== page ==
Bruker this week reported revenues slid 3.3 percent to $230.5 million compared to $238.3 million a year ago.
Excluding the effects of currency exchange, revenues for the three months ended March 31 increased 4.5 percent year over year.
Profits rose to $8.6 million for the quarter, compared to a loss of $600,000 in Q1 2008.
In a statement, Frank Laukien, president and CEO of Bruker, said that the company's mass spectrometry business had risen in the double digits in the quarter, driven by "the compelling capabilities of our high-performance products," though he provided no further details.
This week, the company launched its ultrafleXtreme MALDI-TOF/TOF platform [see related story].
Laukien added that the industrial and pharma/biotech markets were soft in the quarter while academic, medical school, government, and other non-profit businesses were healthy.
Cost-cutting measures that were started in late 2008, including executive pay freezes and layoffs are starting to show positive effects, Laukien said, and "we expect to realize further savings in 2009."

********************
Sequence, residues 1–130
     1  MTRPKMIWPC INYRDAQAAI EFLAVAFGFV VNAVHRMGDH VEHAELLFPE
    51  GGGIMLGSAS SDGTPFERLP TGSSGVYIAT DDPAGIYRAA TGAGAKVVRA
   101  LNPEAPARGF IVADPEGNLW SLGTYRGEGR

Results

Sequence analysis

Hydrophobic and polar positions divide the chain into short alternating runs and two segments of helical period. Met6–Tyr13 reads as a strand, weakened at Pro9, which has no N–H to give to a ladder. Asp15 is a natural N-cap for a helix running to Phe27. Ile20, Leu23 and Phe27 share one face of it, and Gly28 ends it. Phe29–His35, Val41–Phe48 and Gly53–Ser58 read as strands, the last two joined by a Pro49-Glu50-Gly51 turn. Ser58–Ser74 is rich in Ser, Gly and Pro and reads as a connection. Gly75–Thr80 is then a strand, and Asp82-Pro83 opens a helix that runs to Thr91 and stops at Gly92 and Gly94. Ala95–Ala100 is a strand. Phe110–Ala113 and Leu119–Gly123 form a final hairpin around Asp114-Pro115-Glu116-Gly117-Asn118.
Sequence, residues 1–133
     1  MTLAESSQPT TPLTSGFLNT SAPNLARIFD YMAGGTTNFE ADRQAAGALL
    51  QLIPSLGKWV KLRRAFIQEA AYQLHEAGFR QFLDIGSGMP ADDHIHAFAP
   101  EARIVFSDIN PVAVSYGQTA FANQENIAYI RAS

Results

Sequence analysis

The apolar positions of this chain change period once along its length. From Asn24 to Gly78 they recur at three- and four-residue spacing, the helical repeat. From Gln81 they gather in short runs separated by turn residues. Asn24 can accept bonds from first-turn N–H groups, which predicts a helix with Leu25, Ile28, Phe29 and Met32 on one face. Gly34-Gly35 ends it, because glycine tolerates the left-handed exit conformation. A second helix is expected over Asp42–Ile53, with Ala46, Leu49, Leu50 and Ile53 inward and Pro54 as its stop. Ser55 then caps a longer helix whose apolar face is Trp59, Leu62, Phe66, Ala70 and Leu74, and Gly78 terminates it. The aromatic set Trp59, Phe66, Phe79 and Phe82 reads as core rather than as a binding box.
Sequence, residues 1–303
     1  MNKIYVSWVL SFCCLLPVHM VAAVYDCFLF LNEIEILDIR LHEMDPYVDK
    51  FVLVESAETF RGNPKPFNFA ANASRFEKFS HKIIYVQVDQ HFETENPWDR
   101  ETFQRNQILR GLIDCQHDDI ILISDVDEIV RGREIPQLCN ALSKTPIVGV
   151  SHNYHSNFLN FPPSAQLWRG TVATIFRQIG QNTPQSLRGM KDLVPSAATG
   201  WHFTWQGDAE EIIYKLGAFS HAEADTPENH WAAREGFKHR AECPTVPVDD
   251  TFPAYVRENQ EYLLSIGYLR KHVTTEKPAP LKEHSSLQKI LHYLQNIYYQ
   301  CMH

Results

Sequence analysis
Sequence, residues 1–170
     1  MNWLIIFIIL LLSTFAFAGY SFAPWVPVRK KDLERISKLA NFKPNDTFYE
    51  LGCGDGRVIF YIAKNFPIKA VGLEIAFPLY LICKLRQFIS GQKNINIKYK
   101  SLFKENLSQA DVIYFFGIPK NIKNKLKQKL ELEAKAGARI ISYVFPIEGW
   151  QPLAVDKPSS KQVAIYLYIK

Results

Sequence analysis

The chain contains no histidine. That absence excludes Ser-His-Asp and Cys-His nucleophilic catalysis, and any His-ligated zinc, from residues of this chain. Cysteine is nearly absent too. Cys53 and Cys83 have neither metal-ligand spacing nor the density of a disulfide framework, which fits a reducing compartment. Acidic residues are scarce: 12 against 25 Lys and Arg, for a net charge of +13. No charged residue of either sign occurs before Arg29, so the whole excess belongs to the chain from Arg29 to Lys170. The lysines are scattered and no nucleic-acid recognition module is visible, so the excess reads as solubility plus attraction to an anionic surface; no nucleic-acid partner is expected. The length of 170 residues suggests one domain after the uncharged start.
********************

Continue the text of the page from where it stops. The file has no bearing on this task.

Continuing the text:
Without providing details, he said that Bruker was seeing "positive signs" resulting from various international government stimulus packages, which he expects to benefit high-end research equipment. The company has seen additional orders and revenue in Japan already, and has seen a "significant increase" in request for proposals and assistance with grant writing in other countries, he said.
"We are hopeful that global stimulus funding for academic, medical, and government research will result in additional business for Bruker in the second half of 2009 and into 2010.
During the quarter, Bruker spent $29.1 million on R&D. It said it had $149.9 mllion in cash and cash equivalents